NSA 'records all phone conversations' in unnamed target country
US agency records every phone conversation in unnamed target nation, according to exiled whistle-blower Edward Snowden and others
The Washington Post
The US National Security Agency is recording every single phone call in one particular country, with the agency able to rewind and review conversations up to a month after they take place, according to people with direct knowledge of the effort and documents supplied by former contractor Edward Snowden.
The programme, called Mystic, began in 2009. Its Retro tool, short for "retrospective retrieval", and related projects reached full capacity against the first target nation in 2011. Planning documents two years later anticipated similar operations elsewhere.
At the request of US officials, The Washington Post is withholding details that could be used to identify the country or other countries where the system's use is envisioned.
In the initial deployment, collection systems are recording "every single" conversation nationwide, storing billions of them in a 30-day rolling buffer that clears the oldest calls as new ones arrive, according to a classified summary.
Analysts listen to only a tiny fraction of the calls, but the absolute numbers are high. Each month, they send millions of voice clippings, or "cuts", for processing and long-term storage.
No other NSA programme disclosed to date has swallowed a nation's telephone network whole.
In a statement, Caitlin Hayden, spokeswoman for the NSA, declined to comment on "specific alleged intelligence activities".
Speaking generally, she said "new or emerging threats" were "often hidden within the large and complex system of modern global communications, and the United States must consequently collect signals intelligence in bulk in certain circumstances in order to identify these threats".
NSA spokeswoman Vanee Vines, in an e-mailed statement, said that "continuous and selective reporting of specific techniques and tools used for legitimate US foreign intelligence activities is highly detrimental to the national security of the United States and of our allies, and places at risk those we are sworn to protect".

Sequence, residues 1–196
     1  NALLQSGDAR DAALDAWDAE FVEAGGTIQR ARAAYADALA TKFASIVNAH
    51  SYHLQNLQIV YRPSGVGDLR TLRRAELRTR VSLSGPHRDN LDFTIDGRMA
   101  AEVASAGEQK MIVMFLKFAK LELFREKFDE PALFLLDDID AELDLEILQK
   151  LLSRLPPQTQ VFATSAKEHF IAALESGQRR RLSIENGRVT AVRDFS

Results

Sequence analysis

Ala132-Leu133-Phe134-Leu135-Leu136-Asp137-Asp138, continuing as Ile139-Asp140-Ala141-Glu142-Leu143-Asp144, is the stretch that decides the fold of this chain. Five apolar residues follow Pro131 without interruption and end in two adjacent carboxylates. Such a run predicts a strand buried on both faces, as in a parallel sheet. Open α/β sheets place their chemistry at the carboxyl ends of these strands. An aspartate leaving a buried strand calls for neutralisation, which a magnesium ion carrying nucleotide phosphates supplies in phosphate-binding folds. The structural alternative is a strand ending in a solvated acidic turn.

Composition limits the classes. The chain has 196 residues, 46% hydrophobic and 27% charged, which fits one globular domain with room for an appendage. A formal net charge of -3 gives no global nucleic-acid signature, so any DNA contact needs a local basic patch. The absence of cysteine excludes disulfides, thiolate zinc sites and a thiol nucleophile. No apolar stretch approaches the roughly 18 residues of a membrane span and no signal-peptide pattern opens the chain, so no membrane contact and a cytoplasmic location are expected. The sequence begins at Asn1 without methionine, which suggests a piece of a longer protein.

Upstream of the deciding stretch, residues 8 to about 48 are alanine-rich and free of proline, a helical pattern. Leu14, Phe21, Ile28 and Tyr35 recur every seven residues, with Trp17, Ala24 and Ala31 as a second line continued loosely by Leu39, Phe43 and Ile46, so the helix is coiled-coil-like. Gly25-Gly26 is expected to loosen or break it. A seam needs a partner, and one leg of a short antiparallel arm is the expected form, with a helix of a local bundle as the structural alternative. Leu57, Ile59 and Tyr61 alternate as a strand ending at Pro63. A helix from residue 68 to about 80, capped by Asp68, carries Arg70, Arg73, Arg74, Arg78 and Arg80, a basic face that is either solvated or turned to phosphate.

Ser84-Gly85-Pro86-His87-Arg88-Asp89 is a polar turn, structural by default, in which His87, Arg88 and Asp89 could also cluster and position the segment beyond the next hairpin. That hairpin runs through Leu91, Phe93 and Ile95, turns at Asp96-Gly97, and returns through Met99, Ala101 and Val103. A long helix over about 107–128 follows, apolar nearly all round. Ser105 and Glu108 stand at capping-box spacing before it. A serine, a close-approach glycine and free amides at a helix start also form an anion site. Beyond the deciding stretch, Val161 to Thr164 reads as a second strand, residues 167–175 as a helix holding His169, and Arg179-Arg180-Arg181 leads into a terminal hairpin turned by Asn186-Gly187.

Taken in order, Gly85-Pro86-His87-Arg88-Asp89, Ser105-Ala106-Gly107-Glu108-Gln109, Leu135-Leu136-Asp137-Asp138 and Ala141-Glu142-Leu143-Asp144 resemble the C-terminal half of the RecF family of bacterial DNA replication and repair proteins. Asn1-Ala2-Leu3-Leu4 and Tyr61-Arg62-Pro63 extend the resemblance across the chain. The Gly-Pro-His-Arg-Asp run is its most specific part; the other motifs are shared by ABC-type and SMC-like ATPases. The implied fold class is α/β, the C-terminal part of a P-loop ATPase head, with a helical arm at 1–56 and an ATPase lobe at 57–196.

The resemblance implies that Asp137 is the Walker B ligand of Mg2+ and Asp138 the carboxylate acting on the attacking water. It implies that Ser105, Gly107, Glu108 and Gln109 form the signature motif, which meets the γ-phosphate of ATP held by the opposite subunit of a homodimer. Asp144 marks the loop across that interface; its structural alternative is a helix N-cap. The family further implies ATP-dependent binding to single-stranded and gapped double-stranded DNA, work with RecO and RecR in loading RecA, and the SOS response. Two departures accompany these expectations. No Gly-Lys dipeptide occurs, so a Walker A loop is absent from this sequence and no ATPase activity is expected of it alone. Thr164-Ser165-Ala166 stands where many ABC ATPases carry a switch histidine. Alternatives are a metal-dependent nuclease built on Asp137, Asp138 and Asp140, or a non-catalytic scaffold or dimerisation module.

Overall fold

Some of the documents provided by Snowden suggest that high-volume eavesdropping may soon be extended to other countries, if it has not been already. The Retro tool was built three years ago as a "unique one-off capability", but last year's secret intelligence budget named five more countries for which the Mystic programme provided "comprehensive metadata access and content", with a sixth to be in place by last October.
Ubiquitous voice surveillance, even overseas, pulls in a great deal of content from Americans who telephone, visit and work in the target country.
It may also be seen as inconsistent with US President Barack Obama's January 17 pledge "that the United States is not spying on ordinary people who don't threaten our national security", regardless of nationality.
The emblem of the Mystic programme depicts a cartoon wizard with a telephone-headed staff. Among the agency's bulk collection programmes disclosed over the past year, its focus on the spoken word is unique.
Most of the programmes have involved the bulk collection of either metadata - which does not include content - or text, such as e-mail address books.
In the first year of its deployment, a programme officer wrote that the project "has long since reached the point where it was collecting and sending home far more than the bandwidth could handle".
Because of similar capacity limits across a range of collection programmes, the NSA is leaping forward with cloud-based collection systems and a gargantuan new "mission data repository" in Utah.
According to its overview briefing, the Utah facility is designed "to cope with the vast increases in digital data that have accompanied the rise of the global network".